Have a good sense of self so you are not defined by the number of ‘likes’ you get.
CAINTA, Philippines — These days, when social media reigns supreme and almost nobody (sigh!) can live without a cell phone in hand, most people get affirmation that they are OK, they are likable, from where else but Facebook (FB), Instagram (IG) and, now, even TikTok.
They feel happy when they see lots of that little blue thumbs-up symbol on their FB post, plenty of that red heart on IG for every post, and a soaring number of views on their TikTok videos. They base their personal likability on the “likes” that they get for their posts.
Each added “like,” especially when it comes as they browse through their posts and check out their feed, gives them that tingling feel-good sensation similar to the “kilig” they feel when someone praises them for losing weight or a job well done. No wonder so many people are hopelessly hooked on FB, IG, TikTok, and other social media platforms.
“It’s been proven that social media ‘likes’ affect that part of our brain that has to do with rewards. The more ‘likes’ you get, the greater the release of dopamine, a hormone associated with happiness.” said doctor Edgardo Juan Tolentino, Chairman of Neurological Sciences, Makati Medical Center (MakatiMed).
That’s a lot of happiness hormones for Pinoys. In the updated study “Social Media Statistics in the Philippines,” which is based on a Digital 2023 Global Overview Report, a staggering 84.45 million Filipinos (72.5% of the country’s population!) spend an average of 3 hours and 43 minutes glued to their choice of social media platforms.
Keeping in touch with family and friends was the chief reason for using social media, say respondents. But don’t be surprised if they stay for their dopamine fix, too: 30% of the total users are between the ages of 18 and 24 years old. These are the ages that seek attention, validation, and a sense of identity.
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It’s a tough age to be at a time of fake news, cyberbullying, and love scams. “As great as social media is, it’s traced to depression, isolation, ruined reputations, financial debt, and lives lost of vulnerable individuals,” Dr. Tolentino pointed out.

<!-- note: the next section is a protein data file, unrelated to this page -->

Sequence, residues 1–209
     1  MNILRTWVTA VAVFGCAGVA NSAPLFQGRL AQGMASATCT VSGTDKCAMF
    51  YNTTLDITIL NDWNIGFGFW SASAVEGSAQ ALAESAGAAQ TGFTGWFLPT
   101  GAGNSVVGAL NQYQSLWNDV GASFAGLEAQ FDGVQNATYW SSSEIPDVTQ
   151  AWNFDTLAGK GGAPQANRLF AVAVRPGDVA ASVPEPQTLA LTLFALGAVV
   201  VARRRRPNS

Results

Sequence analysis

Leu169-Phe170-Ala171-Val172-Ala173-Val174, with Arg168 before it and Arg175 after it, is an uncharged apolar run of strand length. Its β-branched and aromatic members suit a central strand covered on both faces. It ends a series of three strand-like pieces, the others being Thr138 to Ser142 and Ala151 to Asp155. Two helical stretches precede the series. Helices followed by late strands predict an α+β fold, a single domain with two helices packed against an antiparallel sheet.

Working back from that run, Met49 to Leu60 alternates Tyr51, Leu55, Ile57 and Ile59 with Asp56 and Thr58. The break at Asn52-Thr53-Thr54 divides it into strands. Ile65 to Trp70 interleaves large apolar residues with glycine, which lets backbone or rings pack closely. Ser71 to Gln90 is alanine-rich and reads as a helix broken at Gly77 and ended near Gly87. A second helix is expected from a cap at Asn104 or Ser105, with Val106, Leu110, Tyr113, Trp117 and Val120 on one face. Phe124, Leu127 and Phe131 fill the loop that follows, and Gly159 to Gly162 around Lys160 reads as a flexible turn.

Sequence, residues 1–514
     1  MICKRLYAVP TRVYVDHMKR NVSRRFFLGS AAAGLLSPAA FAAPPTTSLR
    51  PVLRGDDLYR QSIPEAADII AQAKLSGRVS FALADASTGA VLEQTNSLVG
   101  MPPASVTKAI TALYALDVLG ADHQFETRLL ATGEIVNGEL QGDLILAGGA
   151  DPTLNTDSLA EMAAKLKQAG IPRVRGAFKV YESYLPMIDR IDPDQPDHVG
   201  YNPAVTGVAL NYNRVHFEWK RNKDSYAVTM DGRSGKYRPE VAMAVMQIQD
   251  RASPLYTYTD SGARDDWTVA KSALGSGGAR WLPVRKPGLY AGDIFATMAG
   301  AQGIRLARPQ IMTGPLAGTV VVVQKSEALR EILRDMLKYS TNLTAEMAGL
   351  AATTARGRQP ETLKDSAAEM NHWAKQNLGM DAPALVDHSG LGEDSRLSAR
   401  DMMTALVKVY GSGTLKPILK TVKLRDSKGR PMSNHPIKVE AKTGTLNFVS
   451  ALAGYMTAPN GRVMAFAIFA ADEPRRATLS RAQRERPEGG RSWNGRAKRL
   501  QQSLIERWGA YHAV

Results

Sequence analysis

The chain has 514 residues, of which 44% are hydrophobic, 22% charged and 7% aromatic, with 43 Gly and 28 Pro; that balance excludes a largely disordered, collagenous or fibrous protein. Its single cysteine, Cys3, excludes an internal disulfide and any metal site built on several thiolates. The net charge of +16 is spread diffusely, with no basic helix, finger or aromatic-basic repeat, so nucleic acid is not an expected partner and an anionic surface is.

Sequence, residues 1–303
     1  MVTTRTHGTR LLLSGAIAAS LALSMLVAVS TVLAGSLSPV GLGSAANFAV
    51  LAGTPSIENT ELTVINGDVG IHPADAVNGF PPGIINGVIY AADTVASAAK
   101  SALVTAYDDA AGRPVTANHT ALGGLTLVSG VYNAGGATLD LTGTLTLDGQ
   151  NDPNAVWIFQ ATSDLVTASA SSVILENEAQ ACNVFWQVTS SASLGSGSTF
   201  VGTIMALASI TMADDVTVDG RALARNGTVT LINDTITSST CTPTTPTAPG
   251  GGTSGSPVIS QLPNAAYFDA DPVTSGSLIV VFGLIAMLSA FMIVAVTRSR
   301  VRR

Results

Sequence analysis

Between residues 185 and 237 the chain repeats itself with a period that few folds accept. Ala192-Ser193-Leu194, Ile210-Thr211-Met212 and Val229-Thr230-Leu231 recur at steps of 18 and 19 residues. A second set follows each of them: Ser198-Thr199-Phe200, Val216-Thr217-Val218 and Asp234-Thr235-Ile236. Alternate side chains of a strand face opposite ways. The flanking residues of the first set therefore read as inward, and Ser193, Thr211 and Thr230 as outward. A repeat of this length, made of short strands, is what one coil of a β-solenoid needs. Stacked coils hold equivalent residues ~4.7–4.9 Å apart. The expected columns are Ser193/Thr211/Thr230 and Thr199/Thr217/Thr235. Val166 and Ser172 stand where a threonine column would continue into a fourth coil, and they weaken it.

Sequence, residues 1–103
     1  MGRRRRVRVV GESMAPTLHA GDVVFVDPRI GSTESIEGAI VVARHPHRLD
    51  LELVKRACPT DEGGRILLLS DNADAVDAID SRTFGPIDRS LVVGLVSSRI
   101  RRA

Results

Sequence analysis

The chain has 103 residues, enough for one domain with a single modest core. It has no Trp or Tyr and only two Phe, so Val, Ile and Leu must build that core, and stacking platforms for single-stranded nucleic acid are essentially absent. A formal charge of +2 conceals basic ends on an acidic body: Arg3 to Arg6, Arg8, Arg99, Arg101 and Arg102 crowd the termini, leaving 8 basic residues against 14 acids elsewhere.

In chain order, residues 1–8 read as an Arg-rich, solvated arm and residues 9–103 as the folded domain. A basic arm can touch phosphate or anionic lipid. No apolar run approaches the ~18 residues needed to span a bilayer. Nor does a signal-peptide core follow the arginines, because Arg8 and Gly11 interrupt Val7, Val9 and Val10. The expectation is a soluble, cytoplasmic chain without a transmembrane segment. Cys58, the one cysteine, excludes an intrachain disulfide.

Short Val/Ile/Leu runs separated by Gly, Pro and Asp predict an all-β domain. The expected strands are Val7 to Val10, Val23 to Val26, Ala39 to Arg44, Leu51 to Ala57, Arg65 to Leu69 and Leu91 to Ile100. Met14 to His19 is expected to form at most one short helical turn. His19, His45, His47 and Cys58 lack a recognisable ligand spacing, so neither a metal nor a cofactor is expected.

“There’s nothing wrong about being appreciated through the number of likes, followers, and positive comments on your post. We all seek to be liked by others. Problems arise when you hinge on people’s every opinion of you—and many of them aren’t even true. Few likes and many mean comments tend to make you wonder whether you are indeed likeable,” added the MakatiMed health expert.
Still, social media can give love benefits to your mental health. “Just make sure you spend as much time offline, cultivating genuine relationships with family and friends in person,” Dr. Tolentino advised.
He added: “Have a solid sense of self, so that you are not defined by the number of likes or favorable comments. Learn to distinguish authentic, helpful sites over ones that spread false information, put you down, encourage self-doubt, or convince you to harm yourself or others. Above all, before you want anybody to like you, you have to like yourself first.”
Here are five ways that social media can be good for you:
- It can create a support group for you. Trying to lose weight? Training to run your first marathon? Battling a health issue? “There are social media communities that exist for these and other endeavors. The right virtual community will make you feel accepted. It will cheer for you when you have accomplishments, root for you when you’re down, and motivate you to make positive and lasting changes in your lifestyle,” said Dr. Tolentino.
- It can make you feel less alone. Legitimate virtual groups for anxiety, depression, grief, and loneliness can see you through some of your most challenging times when family and friends can’t and seeking professional help is too costly. “Anonymous forums are also available for those who just want to vent freely and without worrying about anyone recognizing them,” Dr. Tolentino explained. “When people experiencing the same thing come together, they can be there to lean on each other, even virtually, for emotional support.”
- It can be a venue for creativity. Consider TikTok and Instagram, two highly visual social media platforms, your canvases for self-expression. “Share your love for art, music, photography, baking, plants, travel, pets, and just about any passion on these platforms. True friends will not only appreciate what you do, they can spread the word on your talent, which may just lead to something positive,” Dr. Tolentino shared.
- It can strengthen your most cherished relationships. Is your spouse an overseas Filipino worker? Do your kids and grandkids live halfway around the world? Can’t travel because of your age or physical condition? Social media connects you to your loved ones instantly and in real time. “This is what Filipinos in the study get right—using social media to stay in touch with family and friends,” said Dr. Tolentino. “Now, more than ever, the accessibility of the Internet and smart gadgets makes it so easy to contact the people you care for the most. Using video calls to chat with a spouse or best friend you miss so much or seeing your newly born grandchild for the first time will certainly lift your spirits.”
- It can open you up to the world. How would you like to take care of dogs and cats, upcycle plastic bottles or old wood, walk for a good cause, feed the hungry, clean up the ocean? Social media can patch you up with groups advocating worthy causes. “Volunteerism makes you realize that your problems and worries are small compared to the struggles of others. Best of all, it takes you away from social media and brings you into real-life situations where you can participate in helping make a difference in people’s lives. The feeling of being useful to others is better than any Facebook ‘like’,” said Dr. Tolentino.